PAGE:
Thor’s had a difficult few years. His parents died. Asgard was destroyed. Many survivors were attacked by Thanos and his army, only to be halved even more in Thanos’ infinity snap. But since the ending of Avengers: Endgame, Thor has been working his way out of his depressive slump while moonlighting as a Guardian of the Galaxy, but the arrival of a new foe means he must return to New Asgard, where he will meet some big surprises…
The Strongest Avenger Returns
Thor: Love and Thunder sees the return of Chris Hemsworth (Thor), Tessa Thompson (Valkyrie), Taika Waititi (in the dual role of Korg and as the film’s director), and Natalie Portman (Jane Foster) as the new wielder of Mjölnir, as they fight to save the God’s of the Marvel Cinematic Universe from Christian Bale’s Gorr the God Butcher.
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If you hated the tonal shift from quasi-dark superhero-action of Thor and Thor: The Dark World to the comedy delights of Taikia Waititi in Thor: Ragnarok, then you’ll probably hate Thor: Love and Thunder. It’s jam-packed with even more humour than its predecessor, which was good for me because I absolutely loved Ragnarok no matter how jarring the tonal shift between movies was.
As a film, Love and Thunder is not as good as its predecessor which changed the game for Thor and the cookie-cutter elements of the MCU as a whole, and with more jokes packed in than any other Marvel film, even more than the Guardians of the Galaxy movies, this new installment is one of the funniest movies we’ve ever had from Marvel.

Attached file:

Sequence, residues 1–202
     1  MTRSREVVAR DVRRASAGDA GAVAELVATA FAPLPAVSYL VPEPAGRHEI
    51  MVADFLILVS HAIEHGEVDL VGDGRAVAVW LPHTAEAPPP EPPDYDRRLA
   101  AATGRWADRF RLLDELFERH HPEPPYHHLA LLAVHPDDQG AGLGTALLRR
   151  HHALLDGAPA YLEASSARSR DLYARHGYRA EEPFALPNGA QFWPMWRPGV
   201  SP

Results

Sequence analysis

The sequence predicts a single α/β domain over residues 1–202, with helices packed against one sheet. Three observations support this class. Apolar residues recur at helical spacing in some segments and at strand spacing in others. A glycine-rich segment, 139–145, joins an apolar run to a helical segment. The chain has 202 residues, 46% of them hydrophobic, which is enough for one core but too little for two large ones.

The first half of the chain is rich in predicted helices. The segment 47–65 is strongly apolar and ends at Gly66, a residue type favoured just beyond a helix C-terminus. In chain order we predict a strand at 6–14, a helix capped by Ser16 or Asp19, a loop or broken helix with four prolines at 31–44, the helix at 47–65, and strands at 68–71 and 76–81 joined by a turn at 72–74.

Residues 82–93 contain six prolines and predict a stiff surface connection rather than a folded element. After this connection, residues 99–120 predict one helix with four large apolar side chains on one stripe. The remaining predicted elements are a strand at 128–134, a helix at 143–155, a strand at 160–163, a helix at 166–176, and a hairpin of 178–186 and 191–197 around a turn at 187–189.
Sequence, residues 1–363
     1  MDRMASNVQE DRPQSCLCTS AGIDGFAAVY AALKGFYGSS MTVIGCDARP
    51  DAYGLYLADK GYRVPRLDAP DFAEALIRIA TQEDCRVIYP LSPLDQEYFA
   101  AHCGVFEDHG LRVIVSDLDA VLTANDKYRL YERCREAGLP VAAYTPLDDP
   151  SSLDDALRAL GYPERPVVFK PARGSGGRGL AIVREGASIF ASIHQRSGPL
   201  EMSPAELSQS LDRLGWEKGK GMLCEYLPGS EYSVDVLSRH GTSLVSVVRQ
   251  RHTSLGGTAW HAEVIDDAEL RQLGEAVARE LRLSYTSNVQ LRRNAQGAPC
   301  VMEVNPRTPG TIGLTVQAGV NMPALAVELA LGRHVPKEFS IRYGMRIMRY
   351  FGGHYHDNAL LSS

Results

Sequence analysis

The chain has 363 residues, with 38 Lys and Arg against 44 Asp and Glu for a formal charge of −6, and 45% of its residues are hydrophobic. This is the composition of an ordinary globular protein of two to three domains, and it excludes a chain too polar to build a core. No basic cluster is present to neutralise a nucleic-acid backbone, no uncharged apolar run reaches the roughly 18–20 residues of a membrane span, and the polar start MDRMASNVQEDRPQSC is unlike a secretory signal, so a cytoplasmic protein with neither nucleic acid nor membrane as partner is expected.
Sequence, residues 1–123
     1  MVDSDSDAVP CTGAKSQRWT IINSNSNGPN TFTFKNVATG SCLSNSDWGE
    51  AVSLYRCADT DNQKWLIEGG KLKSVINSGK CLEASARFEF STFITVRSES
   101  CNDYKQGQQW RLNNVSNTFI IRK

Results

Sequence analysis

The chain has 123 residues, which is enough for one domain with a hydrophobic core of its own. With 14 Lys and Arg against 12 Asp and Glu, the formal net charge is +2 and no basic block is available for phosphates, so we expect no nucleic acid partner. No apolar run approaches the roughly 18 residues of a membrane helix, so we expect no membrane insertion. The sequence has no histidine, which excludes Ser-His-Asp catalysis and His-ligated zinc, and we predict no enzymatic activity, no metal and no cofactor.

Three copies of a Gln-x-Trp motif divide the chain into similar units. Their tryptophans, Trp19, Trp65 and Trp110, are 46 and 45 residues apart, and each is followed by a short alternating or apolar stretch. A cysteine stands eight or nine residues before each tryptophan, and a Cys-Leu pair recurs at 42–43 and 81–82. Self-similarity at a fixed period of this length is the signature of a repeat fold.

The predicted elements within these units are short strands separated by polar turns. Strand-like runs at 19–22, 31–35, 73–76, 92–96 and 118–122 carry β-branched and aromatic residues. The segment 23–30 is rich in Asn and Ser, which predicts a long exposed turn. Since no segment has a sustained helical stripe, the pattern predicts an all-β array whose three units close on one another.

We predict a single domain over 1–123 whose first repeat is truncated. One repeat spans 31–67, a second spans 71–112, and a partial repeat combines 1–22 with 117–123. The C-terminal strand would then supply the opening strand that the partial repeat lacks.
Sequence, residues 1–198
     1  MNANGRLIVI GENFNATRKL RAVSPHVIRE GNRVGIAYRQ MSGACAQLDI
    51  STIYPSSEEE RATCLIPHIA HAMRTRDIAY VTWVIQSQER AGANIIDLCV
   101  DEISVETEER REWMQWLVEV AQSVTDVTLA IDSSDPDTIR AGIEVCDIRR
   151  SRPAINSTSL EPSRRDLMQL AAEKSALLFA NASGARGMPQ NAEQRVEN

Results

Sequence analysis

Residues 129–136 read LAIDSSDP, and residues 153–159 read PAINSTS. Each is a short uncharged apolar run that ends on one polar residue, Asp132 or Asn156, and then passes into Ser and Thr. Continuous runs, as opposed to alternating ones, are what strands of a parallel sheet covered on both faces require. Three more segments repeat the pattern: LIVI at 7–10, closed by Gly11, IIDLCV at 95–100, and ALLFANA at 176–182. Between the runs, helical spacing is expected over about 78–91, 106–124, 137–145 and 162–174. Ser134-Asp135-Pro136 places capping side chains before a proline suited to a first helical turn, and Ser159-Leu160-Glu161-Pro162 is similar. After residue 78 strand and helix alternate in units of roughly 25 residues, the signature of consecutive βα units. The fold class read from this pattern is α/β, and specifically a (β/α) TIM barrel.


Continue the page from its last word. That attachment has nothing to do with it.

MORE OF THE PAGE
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Thor has also faced further changes in the way he has been written. The once serious and stern God of Thunder is even more jovial and boisterous than ever before, but his personality change makes perfect sense since Thor has worked on himself both inside and out.
Hemsworth’s performance has changed to fit this “new” Thor and despite playing the role brilliantly since 2011, he seems more comfortable in the role than ever before and all it took was the wit, charm and fun nature of Taika Waititi to bring it out of him. And with a movie filled-to-the-brim with characters, this very much remains Chris Hemsworth’s movie, even if he is now the co-titular character.
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Tessa Thompson’s King Valkyrie makes her third appearance in the MCU with an expanded role that sees her join Thor and The Mighty Thor on the adventure. Although, she could have still been in the movie a little bit more than she was. Thompson is a magnificent as usual and her Asgardian pseudo-English accent has improved greatly.
The Mighty Thor
After skipping Thor: Ragnarok, Natalie Portman makes her highly anticipated return as Jane Foster. Taking strong inspiration from Jason Aaron’s Mighty Thor series, Foster has been diagnosed with Stage IV cancer and during her plight, she hears the calling of Mjölnir, which then grants her the power of Thor.
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Portman absolutely steals the show, bringing a new level to her character and the Thor franchise. Don’t think that she’s just an extension of Hemsworth’s Thor, Portman’s Thor may have the same powers and a similar costume to boot, but she is very much her own person. The Mighty Thor has her own fighting style and her own way of handling the hammer that is a delight to see brought to life on screen, especially when she gets to team up with her (now) fellow Asgardians.